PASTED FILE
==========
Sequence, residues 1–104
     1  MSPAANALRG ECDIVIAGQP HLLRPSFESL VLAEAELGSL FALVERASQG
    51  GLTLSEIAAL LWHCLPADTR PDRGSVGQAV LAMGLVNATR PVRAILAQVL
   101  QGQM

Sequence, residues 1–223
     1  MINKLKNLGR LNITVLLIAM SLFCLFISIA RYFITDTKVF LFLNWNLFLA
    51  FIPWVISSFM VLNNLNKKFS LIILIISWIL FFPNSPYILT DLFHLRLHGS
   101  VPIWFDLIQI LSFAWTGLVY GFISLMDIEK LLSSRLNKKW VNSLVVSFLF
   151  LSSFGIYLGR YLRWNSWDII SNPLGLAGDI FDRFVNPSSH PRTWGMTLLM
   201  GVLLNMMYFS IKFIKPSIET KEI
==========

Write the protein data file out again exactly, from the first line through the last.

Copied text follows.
Sequence, residues 1–104
     1  MSPAANALRG ECDIVIAGQP HLLRPSFESL VLAEAELGSL FALVERASQG
    51  GLTLSEIAAL LWHCLPADTR PDRGSVGQAV LAMGLVNATR PVRAILAQVL
   101  QGQM

Sequence, residues 1–223
     1  MINKLKNLGR LNITVLLIAM SLFCLFISIA RYFITDTKVF LFLNWNLFLA
    51  FIPWVISSFM VLNNLNKKFS LIILIISWIL FFPNSPYILT DLFHLRLHGS
   101  VPIWFDLIQI LSFAWTGLVY GFISLMDIEK LLSSRLNKKW VNSLVVSFLF
   151  LSSFGIYLGR YLRWNSWDII SNPLGLAGDI FDRFVNPSSH PRTWGMTLLM
   201  GVLLNMMYFS IKFIKPSIET KEI